HIPAA and the Criminalization of American Medicine

Published October 1, 2001

Waste, fraud, and abuse in Medicare are serious problems . . . but so are the federal government’s efforts to combat them.

Of course, egregious cases of fraud take place, and those engaged in criminal activities should be stopped and prosecuted. But the big dragnet for “health care criminals” is catching innocent doctors as well, creating an unhealthy climate of fear and defensiveness that hurts the medical profession badly.

An examination of the current controversy over waste, fraud, and abuse in the health care system reveals an enforcement system as troublesome as the problems it’s intended to correct.

Criminalizing Health Care

In its zeal to rid the nation’s health care system of waste, fraud, and abuse, Congress has passed a blizzard of new federal criminal statutes targeting the health care industry, including those contained in the Health Insurance Portability and Accountability Act of 1996.

The statutes are being enforced by hundreds of federal agents armed with hundreds of millions of dollars in investigatory funds. This new army of law enforcement agents is sweeping through hospitals and doctors’ offices throughout the country to investigate a new class of “health care offenders.”

Mark L. Bennett Jr., a Topeka, Kansas, attorney with the firm of Bennett & Dillon, LLP, says health care has become the prosecution of choice for many U.S. attorneys.

“At one point, drugs and drug offenders got the most attention from the authorities, then it was banking and savings and loan violations. Now . . . one of the prosecutions of choice is fraud relating to the provision of medical services.” The reason, Bennett observes: “That’s where the money is.”

Arbitrary and Excessive

The federal government is using the threat of prosecution to collect excessive settlements from doctors “guilty” of clerical errors. Federal officials have developed a “system” to identify which doctors and hospitals might be subject to fines. Any billing practice that establishes a physician as a financial outlier on a computer statistical analysis can lead to a payment audit. The audit may look at a fraction of the doctor’s medical records, identify a percentage that have coding or billing errors, then extrapolate fines to the whole practice based on the sample. The fines can be as high of three times the amount of the error.

Many of the nation’s 650,000 physicians fear they could face armed federal agents, prosecution, and even jail time. “Demonizing the entire medical community with the broad brush of ‘fraud, waste, and abuse’ trivializes real fraud and sets up an adversarial tension in every patient-physician encounter,” according to Nancy Dickey, M.D., former president of the American Medical Association.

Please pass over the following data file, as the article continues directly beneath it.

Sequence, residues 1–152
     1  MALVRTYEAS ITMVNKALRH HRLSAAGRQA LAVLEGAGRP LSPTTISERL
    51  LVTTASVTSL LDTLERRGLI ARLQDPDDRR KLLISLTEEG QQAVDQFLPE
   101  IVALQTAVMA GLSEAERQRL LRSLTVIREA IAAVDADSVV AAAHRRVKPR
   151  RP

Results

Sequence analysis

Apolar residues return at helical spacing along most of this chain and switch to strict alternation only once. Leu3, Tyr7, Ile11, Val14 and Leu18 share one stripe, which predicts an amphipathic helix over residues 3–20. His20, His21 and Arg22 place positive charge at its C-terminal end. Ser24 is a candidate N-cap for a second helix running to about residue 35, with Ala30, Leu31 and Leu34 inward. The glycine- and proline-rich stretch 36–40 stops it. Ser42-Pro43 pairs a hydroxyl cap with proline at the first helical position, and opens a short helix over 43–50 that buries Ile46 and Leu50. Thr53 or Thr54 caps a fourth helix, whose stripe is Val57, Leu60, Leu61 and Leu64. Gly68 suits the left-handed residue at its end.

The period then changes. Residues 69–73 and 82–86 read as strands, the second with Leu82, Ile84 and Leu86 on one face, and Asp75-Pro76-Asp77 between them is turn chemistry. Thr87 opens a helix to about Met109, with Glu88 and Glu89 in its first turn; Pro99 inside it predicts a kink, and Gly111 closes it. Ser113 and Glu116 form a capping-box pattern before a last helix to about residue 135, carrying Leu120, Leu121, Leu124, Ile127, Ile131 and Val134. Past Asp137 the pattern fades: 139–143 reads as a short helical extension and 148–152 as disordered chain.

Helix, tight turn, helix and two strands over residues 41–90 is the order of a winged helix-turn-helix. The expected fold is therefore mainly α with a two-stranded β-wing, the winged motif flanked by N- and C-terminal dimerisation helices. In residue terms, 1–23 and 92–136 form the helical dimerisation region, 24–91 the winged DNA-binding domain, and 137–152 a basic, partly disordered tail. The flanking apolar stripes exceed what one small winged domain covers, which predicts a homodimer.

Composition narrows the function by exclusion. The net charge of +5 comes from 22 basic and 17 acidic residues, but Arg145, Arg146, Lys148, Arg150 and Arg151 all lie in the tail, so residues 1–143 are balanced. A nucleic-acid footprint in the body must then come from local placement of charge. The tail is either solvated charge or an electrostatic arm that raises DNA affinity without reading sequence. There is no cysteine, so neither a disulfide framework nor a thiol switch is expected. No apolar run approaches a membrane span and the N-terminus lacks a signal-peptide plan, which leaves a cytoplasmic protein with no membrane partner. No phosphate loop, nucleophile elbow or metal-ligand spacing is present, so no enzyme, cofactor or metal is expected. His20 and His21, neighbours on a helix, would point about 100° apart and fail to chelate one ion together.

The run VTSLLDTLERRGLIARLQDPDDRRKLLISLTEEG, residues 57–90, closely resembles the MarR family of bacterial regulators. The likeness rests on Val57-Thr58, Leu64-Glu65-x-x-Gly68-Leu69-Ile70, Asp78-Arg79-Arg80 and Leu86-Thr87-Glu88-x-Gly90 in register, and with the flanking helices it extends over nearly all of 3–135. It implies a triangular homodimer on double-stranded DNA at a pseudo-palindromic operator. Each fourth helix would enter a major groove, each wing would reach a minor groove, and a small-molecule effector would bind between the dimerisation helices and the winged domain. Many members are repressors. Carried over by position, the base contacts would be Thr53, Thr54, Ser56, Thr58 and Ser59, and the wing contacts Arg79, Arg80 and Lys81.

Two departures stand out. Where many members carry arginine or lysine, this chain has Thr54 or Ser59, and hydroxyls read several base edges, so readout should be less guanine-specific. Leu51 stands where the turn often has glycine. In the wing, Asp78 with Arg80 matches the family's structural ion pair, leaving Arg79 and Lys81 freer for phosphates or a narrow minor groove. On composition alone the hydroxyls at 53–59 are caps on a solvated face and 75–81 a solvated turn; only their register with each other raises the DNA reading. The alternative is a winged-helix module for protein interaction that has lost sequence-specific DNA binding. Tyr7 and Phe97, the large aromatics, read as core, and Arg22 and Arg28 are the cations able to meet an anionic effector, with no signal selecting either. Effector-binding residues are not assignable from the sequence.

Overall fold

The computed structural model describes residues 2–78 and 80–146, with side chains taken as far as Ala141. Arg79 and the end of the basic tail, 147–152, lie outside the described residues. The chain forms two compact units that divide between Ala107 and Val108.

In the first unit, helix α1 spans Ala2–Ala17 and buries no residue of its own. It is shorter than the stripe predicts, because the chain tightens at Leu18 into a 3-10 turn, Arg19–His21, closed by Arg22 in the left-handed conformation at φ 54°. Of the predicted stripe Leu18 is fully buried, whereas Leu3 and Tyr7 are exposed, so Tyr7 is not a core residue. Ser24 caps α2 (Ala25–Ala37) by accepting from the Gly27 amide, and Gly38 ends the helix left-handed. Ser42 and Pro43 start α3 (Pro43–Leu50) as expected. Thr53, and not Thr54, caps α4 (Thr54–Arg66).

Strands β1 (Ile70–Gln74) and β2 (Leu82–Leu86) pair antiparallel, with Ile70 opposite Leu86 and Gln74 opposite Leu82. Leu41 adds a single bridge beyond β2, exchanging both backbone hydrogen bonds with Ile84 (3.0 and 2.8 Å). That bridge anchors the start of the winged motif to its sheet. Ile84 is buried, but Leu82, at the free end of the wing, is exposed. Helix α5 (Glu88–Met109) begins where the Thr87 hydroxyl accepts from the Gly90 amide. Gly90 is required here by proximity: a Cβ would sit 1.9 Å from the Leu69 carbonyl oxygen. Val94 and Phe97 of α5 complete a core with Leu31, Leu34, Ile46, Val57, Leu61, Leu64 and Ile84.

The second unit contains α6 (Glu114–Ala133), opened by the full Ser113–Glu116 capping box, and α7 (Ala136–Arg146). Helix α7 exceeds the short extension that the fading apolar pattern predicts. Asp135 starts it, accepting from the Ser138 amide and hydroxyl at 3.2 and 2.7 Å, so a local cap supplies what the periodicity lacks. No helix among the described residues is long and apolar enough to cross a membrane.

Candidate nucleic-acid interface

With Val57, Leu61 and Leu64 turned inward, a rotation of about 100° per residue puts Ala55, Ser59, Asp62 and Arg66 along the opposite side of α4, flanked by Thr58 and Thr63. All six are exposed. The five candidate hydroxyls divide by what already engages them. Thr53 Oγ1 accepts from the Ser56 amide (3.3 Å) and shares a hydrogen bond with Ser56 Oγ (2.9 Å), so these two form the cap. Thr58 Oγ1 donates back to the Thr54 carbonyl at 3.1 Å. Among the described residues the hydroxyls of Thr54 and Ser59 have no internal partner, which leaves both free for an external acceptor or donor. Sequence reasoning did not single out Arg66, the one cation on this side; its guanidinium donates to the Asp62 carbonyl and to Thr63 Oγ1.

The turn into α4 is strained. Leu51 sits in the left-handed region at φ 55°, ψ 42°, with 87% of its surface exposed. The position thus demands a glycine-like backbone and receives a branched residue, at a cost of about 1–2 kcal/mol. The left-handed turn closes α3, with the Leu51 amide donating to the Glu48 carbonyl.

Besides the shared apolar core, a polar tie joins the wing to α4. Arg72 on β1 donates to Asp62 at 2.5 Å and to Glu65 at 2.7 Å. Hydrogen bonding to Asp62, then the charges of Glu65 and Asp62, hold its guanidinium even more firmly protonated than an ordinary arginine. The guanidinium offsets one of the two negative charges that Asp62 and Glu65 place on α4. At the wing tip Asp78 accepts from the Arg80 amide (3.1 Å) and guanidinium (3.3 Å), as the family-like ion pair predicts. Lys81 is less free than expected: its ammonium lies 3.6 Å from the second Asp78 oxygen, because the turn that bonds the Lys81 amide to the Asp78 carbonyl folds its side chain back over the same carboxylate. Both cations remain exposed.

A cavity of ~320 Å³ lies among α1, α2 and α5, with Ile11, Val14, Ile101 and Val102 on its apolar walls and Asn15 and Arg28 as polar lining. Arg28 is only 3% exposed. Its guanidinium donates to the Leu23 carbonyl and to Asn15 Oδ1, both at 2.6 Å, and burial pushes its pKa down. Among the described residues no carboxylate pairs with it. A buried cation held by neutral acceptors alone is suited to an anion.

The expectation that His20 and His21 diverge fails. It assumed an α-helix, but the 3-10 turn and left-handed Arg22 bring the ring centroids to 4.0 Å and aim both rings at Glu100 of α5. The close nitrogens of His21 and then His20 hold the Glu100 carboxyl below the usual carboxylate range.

Federal prosecutions for fraud are at an all-time high. The current backlog began building when enforcement agents started levying much larger penalties than in the past.

Nursing home operators who violate patient health and safety rules, for example, have felt the crunch. The old penalties were generally $100 and were routinely paid, not challenged. But under the more aggressive policies, fines range as high as $10,000 for each day a home is out of compliance, with some penalties reaching more than $600,000.

Too Complex to Comply

Federal health care regulations now take up over 132,000 pages of regulation. Medicare alone accounts for more than 111,000 pages. The General Accounting Office acknowledged in a 1998 letter to House Budget Chairman John Kasich that Medicare’s “size, complexity, and rapid growth make it an attractive target for fraud and abuse.” The rules can be inconsistent and contradictory; it is virtually impossible for the average doctor to have a working knowledge of the mountain of regulation.

Legislating in the Dark

Instead of leading on the issue of health policy, members of Congress follow uninformed popular opinion. Congressional policy toward health care fraud and abuse has been fueled by political polls, which were in turn fueled by misinformation and a crude political expediency.

Rather than tackle the tough problems of structural reform of Medicare, politicians reacted to national polling data showing the majority of Americans erroneously believe high health care costs are almost exclusively the result of fraud and abuse.

The energy and discipline of the marketplace must be injected into this cumbersome, antiquated, centrally managed Medicare system to save it from bankruptcy. Federal agents chasing harried doctors is not a solution.

Disagreements over medical necessity or clerical errors do not constitute fraud, and neither law nor regulation should effectively “criminalize” the practice of American medicine. Congress and the administration should work to stop this trend before it does further damage to what has, until now, been the best health care system in the world.

Most importantly, Congress should take bold steps to restructure the Medicare system, and the health care system in general, to minimize opportunities for fraud.

Excerpted from a paper presented by Grace-Marie Turner, president of The Galen Institute and a contributing editor to Health Care News, at a July 31 Cato Institute confernce, “Making a Federal Case out of Health Care: Five Years of HIPAA.” The full text of Turner’s paper is available on the Internat at http://www.galen.org/news/080201.html.

Fraud and Abuse Cases and Collections
  1997 1998 1999 2000
Judgments, settlements, fines $1.2 billion $480 million $524 million $1.2 billion
Criminal indictments filed 282 322 371 457
Convictions 363 326 396 467
Civil cases pending 4,010 3,471 2,278 1,995
Civil cases filed 89 107 91 233
Exclusions from Medicare/Medicaid +1,000 3,021 2,976 3,350
Source: Department of Health and Human Services and Department of Justice, Health Care Fraud and Abuse Control Program, Annual Reports for FY 1997, 1998, 1999, 2000.